When to move to a bed: Is it time to leave the crib?

There are some signs to look for to see if your toddler is ready to make the switch from crib to bed. Photo: Abigail Batchelder

SILVER SPRING, Md, May 25, 2013 – At some point every child must move from a crib to a bed. But when is the best time take that big step? Unfortunately, those looking for a definitive answer will be disappointed. Just like so many of the milestones of toddlerhood, the right time is dependent upon the child. However, there are some points to consider when trying to decide if your little one is ready to move to a big kid bed.

Physically outgrowing the crib

Cribs come in different sizes, and so do children. If you have a small crib and a child that is in the upper percentiles of height, you may find that your little one no longer fits comfortably in the crib sooner than the other mothers in your play group. In which case, necessity will dictate when you move your child to a “big kid” bed. If you have a convertible crib that changes into a toddler bed by simply removing on side, you will not have to worry about your child becoming too big to sleep comfortably. However, any child can become too big for their crib if the rails come below mid-chest when the mattress is in its lowest position. It becomes too easy at this point for potential falls.

If the crib rails at with the mattress in the lowest position are below mid-chest, you child has outgrown his crib. Photo by surlygirl via Flickr.


Climbing out

If some days you think you have a monkey rather than a toddler, than perhaps you should consider making the move to a bed. Children can hurt themselves falling when they try to climb out of a crib. First, verify you cannot drop the mattress any lower. Lowering the mattress will in effect raise the rails, making it harder for your little one to liberate himself from nap time and buying you more time with the crib. If your little one is still making attempts to exit the crib on his own, it is probably time to graduate to a big kid bed. All it takes is one botched crib escape for your little one to be seriously hurt.  

Potty training

If you are deep into potty training, and your child will take himself to the bathroom when he needs to potty, then you might want to consider making the switch. Eliminating the barrier between him and being able to get to the potty when he needs to go can be the key to successfully getting rid of the diapers. So, rather than needing to wait for you to respond to his calls for help and risking an accident, why not try moving to a “big kid” bed and empowering him to make the decision about when it’s time to get out bed to potty.

Arrival of a new baby

If you are thinking about making the switch to a bed to allow a new baby to use the crib, plan ahead. Switching your child to a new bed can cause sleep issue by itself, and introducing a new baby to the family can make any a child feel like he is being replaced. Put those two together, and you have a recipe for fights and rejection of the new bed. To prevent any feeling of rejection due to a new baby taking over a crib, make the switch well in advance of your new arrival, at least 6-8 weeks. The extra time before baby also gives you a chance to see if your older child is truly ready to switch.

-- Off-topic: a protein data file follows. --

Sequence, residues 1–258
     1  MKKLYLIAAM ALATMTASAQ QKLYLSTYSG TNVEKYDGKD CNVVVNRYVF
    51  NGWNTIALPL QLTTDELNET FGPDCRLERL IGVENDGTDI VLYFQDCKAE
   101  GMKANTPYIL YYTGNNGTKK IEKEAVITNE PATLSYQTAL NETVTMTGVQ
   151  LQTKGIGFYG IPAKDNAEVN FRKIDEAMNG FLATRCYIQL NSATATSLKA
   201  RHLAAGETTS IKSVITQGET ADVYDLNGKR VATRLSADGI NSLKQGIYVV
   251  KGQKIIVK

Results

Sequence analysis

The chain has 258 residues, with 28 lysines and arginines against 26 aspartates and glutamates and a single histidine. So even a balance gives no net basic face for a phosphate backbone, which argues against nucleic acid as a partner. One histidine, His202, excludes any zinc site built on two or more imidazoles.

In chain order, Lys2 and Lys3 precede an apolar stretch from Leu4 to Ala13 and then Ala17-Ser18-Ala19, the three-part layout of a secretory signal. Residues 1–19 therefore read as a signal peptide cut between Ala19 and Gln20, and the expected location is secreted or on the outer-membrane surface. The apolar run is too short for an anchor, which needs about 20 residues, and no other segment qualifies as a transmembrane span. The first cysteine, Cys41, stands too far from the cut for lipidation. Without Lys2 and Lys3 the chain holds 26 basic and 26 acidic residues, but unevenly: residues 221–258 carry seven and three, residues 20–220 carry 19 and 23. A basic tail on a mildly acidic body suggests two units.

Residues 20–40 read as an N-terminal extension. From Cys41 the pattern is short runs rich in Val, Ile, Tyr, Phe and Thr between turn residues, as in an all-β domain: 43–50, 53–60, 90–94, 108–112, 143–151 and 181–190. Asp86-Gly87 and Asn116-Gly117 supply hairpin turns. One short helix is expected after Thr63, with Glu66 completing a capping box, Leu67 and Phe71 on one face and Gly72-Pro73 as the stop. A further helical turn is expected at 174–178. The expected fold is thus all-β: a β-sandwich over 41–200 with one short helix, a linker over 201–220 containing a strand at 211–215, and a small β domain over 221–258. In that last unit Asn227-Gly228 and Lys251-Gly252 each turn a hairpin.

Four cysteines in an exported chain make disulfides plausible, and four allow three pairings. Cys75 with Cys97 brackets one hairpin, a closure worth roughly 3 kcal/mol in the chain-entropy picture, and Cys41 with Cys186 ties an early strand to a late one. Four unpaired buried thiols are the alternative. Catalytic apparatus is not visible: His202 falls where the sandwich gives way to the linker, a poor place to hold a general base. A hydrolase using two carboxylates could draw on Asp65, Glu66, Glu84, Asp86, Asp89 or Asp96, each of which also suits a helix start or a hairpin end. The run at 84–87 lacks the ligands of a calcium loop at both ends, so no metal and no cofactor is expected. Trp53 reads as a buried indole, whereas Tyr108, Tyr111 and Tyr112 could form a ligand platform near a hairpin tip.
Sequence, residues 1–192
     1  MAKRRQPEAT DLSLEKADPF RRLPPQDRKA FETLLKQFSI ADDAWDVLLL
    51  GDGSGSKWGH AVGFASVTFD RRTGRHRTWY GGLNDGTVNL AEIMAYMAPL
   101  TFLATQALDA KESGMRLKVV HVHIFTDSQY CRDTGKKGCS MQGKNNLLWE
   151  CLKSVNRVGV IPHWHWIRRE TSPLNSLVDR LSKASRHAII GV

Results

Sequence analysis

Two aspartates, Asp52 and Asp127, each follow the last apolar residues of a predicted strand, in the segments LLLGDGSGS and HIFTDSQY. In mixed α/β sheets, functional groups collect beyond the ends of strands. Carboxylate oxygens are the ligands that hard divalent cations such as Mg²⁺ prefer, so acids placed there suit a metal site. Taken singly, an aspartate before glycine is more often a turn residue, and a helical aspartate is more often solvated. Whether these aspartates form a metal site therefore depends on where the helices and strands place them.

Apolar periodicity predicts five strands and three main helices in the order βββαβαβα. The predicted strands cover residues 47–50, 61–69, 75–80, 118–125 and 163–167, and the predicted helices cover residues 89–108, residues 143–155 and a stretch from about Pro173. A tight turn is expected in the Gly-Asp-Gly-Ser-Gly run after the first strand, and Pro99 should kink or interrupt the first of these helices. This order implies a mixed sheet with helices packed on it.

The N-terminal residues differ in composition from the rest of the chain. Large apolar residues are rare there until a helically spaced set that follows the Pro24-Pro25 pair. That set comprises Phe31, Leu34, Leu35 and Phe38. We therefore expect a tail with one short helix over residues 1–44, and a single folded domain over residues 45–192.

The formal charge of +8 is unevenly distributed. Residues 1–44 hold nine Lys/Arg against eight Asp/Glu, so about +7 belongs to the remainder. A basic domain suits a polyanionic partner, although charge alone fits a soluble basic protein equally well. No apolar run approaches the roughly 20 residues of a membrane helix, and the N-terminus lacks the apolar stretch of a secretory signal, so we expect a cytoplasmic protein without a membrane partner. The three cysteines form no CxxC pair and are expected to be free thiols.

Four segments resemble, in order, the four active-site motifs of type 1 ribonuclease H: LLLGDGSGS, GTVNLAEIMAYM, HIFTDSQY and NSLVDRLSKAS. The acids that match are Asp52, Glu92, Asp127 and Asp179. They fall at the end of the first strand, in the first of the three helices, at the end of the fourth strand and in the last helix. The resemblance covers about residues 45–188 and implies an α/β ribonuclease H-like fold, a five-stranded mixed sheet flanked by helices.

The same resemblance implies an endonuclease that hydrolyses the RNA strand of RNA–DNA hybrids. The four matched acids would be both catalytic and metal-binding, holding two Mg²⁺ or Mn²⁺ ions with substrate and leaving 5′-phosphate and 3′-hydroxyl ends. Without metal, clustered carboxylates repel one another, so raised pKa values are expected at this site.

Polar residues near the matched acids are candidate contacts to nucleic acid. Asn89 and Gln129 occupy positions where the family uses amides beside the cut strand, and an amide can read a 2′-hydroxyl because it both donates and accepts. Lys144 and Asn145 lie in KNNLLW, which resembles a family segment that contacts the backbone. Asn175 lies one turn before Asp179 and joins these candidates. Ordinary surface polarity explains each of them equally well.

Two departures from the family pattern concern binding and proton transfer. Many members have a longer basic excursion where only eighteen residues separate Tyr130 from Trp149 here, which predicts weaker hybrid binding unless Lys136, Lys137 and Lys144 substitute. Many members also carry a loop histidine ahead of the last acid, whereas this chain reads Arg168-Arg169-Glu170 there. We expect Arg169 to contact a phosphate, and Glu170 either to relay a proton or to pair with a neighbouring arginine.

Wanting to use the crib for a new baby is a reason many parents move their toddlers to a bed. Photo by lisatozzi via Flickr.


Safety concerns in switching too early

While safety concerns can prompt you to make the switch from crib to bed, there are other safety issues that need to be considered before making the switch for any reason. What if your child gets up before you do? Will he be able to get out of his room and injure himself somewhere else in the house? If you keep the door to your child’s room shut, is there other furniture he might try to climb to reach stuffed animals or books that are otherwise out of reach? Does your child still wake up in the middle of the night? What will happen if he does and gets out of bed? Will he get out of bed and wander? These are all things that should be considered before switching to a bed. Where possible eliminate any possible dangers that may have been missed in your earlier baby-proofing. Things that may not have been dangerous to a crawling or toddling baby, may be dangerous to an adventurous, climbing toddler.

Some children adjust to their new bed quickly and never miss their crib, others struggle. Since there is no set time for moving to a bed, pay attention to your child’s behavior. You know him best and will be able to determine if he is ready or not.


Follow Brighid on Twitter a @BrighidMoret and receive updates when new columns post on Facebook or Google+. She also writes picture book reviews at Big Reads For Little Hands. Read more about first time parenting issues in Parenting the First Time Through at The Communities at The Washington Times.


This article is the copyrighted property of the writer and Communities @ WashingtonTimes.com. Written permission must be obtained before reprint in online or print media. REPRINTING TWTC CONTENT WITHOUT PERMISSION AND/OR PAYMENT IS THEFT AND PUNISHABLE BY LAW.

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Brighid Moret

Brighid is a freelance writer and first time mother.  She holds an MA in Writing from Johns Hopkins University.  Find her on Facebook @Brighid Moret


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